“My opponent might seem to be honest, a leader of caliber and yes he might have made medical care free for all, made sure even the poorest have food on the table, improved learning in schools, insured prosperity for all and saved a puppy from a burning building, but liceseplate data has show that he was in a 3 mile radius of a bordello, a strip club and no less than 4 known pedophiles at least four times a month. You make your own judgement and decide if this is the kind of guy who should lead”

You just know who will win that one.

Anonymous Coward says:

License-Plate Logging at Gun Shows

A link to this article was not included in the story:

DEA Planned to Monitor Gun Show Attendees With License Plate Readers, New Emails Reveal

The Drug Enforcement Administration and the Bureau of Alcohol, Tobacco, Firearms and Explosives collaborated on plans to monitor gun show attendees using automatic license plate readers, according to a newly disclosed DEA email obtained by the ACLU through the Freedom of Information Act.

Beware, exercising your Constitutionally-protected rights can easily get you on a government watch-list.

David says:

Re: License-Plate Logging at Gun Shows

Beware, exercising your Constitutionally-protected rights can easily get you on a government watch-list.

Well, that’s pretty much the definition of what can get you on a “watch-list”. If you are seen actually breaking the law, you go to court instead.

So as long as you are not proposing to abolish watch lists altogether, whatever will get you on those lists will be stuff you are actually allowed to do.

Beta (profile) says:

what technology allows

This was inevitable, and not hard to foresee.

Now we’re talking about laws to prevent the police from collecting such data; if we pass such laws, the police will still do it. In a few years, anyone will be able to sift through a huge volume of publicly-available camera footage (security cams, body cams, dashboard cams, bike cams, traffic cams, phone selfies, quadcopter video, whatever) with a common OCR app and produce similar results. We can pass laws against it, for all the good that will do. The government will talk about requiring that all cameras recognize license plates and blur them– with predictable results.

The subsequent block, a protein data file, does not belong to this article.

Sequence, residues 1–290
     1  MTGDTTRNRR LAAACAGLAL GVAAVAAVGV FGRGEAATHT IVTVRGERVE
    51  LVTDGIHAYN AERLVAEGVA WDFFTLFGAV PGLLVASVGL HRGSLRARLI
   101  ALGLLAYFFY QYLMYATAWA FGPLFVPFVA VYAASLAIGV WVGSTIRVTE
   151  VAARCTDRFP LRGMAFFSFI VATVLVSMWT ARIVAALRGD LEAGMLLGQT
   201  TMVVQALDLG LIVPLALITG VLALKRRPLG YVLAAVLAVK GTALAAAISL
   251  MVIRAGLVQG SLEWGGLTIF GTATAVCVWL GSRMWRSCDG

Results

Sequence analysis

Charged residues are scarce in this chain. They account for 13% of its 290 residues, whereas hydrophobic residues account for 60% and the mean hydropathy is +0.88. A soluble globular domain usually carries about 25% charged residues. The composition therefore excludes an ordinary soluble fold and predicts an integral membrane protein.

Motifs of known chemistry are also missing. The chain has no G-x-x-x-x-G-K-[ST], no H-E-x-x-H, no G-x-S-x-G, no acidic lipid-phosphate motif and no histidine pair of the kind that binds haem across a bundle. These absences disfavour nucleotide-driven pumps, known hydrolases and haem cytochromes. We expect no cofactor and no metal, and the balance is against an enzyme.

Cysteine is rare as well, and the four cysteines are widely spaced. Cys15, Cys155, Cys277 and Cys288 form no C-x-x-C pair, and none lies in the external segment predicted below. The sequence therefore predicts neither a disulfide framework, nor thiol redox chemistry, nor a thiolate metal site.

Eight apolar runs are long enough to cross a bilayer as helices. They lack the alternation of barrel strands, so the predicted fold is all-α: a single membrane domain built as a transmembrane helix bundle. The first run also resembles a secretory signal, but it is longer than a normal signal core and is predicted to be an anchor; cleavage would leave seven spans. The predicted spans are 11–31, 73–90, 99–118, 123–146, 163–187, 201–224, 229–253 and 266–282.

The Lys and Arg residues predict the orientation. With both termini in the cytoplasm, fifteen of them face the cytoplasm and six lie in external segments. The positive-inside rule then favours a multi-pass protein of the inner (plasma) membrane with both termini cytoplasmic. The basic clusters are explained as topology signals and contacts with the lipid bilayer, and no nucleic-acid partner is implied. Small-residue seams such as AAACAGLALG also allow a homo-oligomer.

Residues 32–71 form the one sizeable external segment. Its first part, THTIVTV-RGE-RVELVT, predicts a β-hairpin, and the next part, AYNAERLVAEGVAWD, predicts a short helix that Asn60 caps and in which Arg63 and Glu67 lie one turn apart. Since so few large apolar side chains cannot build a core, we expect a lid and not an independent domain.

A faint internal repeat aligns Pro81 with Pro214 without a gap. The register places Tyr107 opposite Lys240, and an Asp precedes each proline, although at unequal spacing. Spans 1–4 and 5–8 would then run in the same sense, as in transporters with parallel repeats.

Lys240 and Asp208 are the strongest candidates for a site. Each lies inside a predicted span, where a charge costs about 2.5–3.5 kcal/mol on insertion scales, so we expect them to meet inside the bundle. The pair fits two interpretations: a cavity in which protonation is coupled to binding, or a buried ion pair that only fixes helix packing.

We’re not far from the appearance of the same thing with facial recognition; snap a picture of a face that interests you, then scan the distributed archives to see where and when that face has appeared in photos or video over the past ten years, anywhere in the world. The government will try to forbid this, but also to have it.

I really don’t see that we can do much about this.

GEMont (profile) says:

Inevitable Corruption

When a large portion of Law Enforcement’s income/funding is derived from assets seized from the Illegal Drug Industry, there is less incentive to stop the Illegal Drug Industry because that would end the flow of cash and assets that Law Enforcement gets to keep.

Instead, in order to continue the flow of cash and assets to Law Enforcement from the Illegal Drug Industry, Law Enforcement will start to protect the backbone of the Illegal Drug Industry – the men and women who control the manufacture and distribution of illegal drugs – and limit its “enforcement” to lesser departments of the Illegal Drug Industry such as street vendors.